When buying a real Christmas tree, here’s what you need to know

Hand-sewn teddy bears, plaid, silver and gold, pinecones and branches of berries … my mother chose a theme each year for the ornaments on our Christmas tree and faithfully stuck with it through the gift wrap, wreaths and garlands. The decorations never saw the light of day again, and we used to joke about who would inherit the annually dated “Christmas, 19xx” boxes in the garage rafters.

I am not my mother, and my approach to Christmas decorating is much more haphazard. What I did inherit is a desire for a huge, room-dominating tree.

Whether you choose to display treasured ornaments collected over the years or change it up yearly, there is one holiday constant … the Christmas tree as the centerpiece to your holiday decor.

Caption: Monterey pines grow at the Wickerd Farm, which planted its first Christmas trees about 27 years ago.
Credit: The Wickerd Farm

Caption: Christmas pine trees growing at the Wickerd Farm in the foreground with palm and other trees in the distant back make for a Southern California holiday scene.
Credit: The Wickerd Farm

Caption: Precut fir trees from Oregon await buyers while shaded by the native oaks at the Wickerd Farm in Menifee.
Credit: The Wickerd Farm

Caption: A group checks out the trees grown for the holiday season at a field in the Pacific Northwest.
Credit: Pacific Northwest Christmas Tree Association

Caption: Firs grown in Oregon are popular choices as precut trees sold at Southern California stores, lots and farms.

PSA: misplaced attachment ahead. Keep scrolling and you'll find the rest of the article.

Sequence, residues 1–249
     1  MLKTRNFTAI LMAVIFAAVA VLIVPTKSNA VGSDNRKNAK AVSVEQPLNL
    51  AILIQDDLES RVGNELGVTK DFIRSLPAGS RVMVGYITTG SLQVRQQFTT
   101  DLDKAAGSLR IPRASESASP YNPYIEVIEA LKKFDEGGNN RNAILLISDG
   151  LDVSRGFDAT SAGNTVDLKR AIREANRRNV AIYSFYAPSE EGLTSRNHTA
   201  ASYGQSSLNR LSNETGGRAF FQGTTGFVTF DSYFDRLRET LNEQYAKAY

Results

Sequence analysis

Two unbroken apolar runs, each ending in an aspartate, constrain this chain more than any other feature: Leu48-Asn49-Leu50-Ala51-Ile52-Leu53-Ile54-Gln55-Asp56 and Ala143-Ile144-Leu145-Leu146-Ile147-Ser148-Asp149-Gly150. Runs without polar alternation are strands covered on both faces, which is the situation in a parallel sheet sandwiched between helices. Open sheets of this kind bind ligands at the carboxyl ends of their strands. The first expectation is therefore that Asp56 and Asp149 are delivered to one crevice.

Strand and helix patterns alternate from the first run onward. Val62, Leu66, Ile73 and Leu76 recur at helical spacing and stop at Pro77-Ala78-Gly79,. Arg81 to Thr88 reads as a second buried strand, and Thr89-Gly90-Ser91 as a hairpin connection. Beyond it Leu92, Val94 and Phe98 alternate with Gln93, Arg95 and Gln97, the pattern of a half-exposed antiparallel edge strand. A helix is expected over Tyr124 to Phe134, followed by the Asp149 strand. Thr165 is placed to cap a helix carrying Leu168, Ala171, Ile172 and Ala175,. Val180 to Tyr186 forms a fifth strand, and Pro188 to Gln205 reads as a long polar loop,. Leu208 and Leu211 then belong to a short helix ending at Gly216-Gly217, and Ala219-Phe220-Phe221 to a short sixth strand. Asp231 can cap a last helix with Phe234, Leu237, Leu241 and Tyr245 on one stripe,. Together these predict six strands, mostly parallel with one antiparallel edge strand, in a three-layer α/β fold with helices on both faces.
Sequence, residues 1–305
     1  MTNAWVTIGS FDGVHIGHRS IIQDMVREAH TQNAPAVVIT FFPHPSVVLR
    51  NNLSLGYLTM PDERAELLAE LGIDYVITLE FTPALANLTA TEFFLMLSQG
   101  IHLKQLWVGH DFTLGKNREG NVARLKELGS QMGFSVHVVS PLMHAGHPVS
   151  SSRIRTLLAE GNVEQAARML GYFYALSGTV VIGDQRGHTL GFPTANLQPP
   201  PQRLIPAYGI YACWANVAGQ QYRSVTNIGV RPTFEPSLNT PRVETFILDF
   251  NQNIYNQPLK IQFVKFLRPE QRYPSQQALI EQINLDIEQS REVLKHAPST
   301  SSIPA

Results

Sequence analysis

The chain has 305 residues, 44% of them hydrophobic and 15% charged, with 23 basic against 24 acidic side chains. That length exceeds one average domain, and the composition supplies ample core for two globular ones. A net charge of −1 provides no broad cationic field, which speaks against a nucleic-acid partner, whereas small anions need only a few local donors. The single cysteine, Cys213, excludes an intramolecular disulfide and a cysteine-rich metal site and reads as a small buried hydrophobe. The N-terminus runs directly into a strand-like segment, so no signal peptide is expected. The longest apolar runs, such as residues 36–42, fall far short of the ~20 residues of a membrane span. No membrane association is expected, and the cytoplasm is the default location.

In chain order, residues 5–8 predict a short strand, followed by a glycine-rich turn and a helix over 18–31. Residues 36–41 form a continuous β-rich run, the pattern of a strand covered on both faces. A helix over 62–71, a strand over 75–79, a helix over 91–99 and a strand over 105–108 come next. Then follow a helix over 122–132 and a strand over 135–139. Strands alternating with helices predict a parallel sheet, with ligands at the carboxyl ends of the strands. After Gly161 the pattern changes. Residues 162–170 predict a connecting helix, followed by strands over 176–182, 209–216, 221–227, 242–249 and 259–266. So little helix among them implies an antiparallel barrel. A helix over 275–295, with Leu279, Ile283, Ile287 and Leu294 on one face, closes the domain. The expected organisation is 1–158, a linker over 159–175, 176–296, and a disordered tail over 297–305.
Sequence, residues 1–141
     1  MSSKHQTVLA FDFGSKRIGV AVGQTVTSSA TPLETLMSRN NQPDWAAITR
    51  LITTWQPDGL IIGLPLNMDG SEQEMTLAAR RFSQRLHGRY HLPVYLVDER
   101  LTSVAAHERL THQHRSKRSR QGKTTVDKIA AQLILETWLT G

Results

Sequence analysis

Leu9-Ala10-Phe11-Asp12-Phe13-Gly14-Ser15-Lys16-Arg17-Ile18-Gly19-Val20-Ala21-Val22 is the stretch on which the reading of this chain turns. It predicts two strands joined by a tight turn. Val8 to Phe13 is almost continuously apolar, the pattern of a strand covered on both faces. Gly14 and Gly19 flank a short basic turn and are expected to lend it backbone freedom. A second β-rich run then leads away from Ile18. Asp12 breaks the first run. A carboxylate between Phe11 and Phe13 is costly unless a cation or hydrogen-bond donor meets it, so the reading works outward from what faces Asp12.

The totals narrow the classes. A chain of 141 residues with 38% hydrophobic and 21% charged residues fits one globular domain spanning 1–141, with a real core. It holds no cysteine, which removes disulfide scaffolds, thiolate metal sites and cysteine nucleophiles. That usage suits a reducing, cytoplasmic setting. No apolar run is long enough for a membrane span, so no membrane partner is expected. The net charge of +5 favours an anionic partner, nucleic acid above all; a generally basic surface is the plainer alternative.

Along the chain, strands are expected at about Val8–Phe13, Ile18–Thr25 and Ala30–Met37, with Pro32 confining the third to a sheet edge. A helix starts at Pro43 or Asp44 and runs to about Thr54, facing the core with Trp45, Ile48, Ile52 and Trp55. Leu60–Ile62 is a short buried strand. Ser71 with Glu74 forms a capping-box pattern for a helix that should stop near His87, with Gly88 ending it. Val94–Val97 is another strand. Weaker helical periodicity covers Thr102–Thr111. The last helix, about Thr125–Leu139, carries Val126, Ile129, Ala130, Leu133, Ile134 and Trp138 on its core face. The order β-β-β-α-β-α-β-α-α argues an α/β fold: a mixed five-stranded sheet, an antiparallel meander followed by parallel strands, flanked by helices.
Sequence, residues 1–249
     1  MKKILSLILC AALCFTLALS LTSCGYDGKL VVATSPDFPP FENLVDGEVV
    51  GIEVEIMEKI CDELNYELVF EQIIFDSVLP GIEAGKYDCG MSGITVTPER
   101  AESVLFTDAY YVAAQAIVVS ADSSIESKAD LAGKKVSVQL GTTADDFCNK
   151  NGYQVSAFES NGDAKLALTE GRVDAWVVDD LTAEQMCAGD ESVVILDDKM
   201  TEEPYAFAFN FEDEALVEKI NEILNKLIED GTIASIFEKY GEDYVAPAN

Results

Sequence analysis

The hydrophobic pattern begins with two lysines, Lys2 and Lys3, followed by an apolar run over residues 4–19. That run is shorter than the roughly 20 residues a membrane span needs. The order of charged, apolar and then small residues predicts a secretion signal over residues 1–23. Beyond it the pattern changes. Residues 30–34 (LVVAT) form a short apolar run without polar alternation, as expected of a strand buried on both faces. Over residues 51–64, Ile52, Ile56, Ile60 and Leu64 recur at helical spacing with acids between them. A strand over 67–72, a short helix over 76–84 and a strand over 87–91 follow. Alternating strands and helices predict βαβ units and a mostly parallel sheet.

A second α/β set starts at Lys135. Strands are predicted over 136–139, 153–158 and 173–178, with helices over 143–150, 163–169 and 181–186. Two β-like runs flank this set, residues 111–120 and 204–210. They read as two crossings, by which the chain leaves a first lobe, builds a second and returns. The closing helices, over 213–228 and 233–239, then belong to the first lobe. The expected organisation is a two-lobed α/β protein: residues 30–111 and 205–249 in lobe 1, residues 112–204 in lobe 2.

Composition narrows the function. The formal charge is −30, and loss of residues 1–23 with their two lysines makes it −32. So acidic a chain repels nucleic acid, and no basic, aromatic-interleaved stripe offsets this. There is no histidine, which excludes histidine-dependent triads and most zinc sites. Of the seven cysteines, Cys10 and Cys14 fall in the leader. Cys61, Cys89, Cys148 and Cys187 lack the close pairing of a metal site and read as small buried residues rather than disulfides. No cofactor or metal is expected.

Credit: Pacific Northwest Christmas Tree Association

Show Caption of

Expand

An estimated 76 percent of U.S. households plan to display Christmas trees, according to a 2017 survey from the American Christmas Tree Association conducted by Nielsen.

Where you fall in the real versus artificial tree is a matter of personal preference, budget, time constraints and how overwhelming your desire is to experience the smell of a fresh-cut tree through the season.

About 27.4 million real Christmas trees were purchased in the U.S. in 2017, with an average price of $75, the National Christmas Tree Association reported in a survey in January. This compares to about 21.1 million new artificial trees bought last year, with an average price of $107.

Finding a Real Tree

If you choose to get a real tree, there are more choices to make: where to buy it and what type of tree to get. The National Christmas Tree Association’s 2017 survey found 26 percent of real trees were purchased at chain stores, 19 percent at

Source:: East Bay – Lifestyle

      

(Visited 3 times, 1 visits today)

Leave a Reply

Your email address will not be published. Required fields are marked *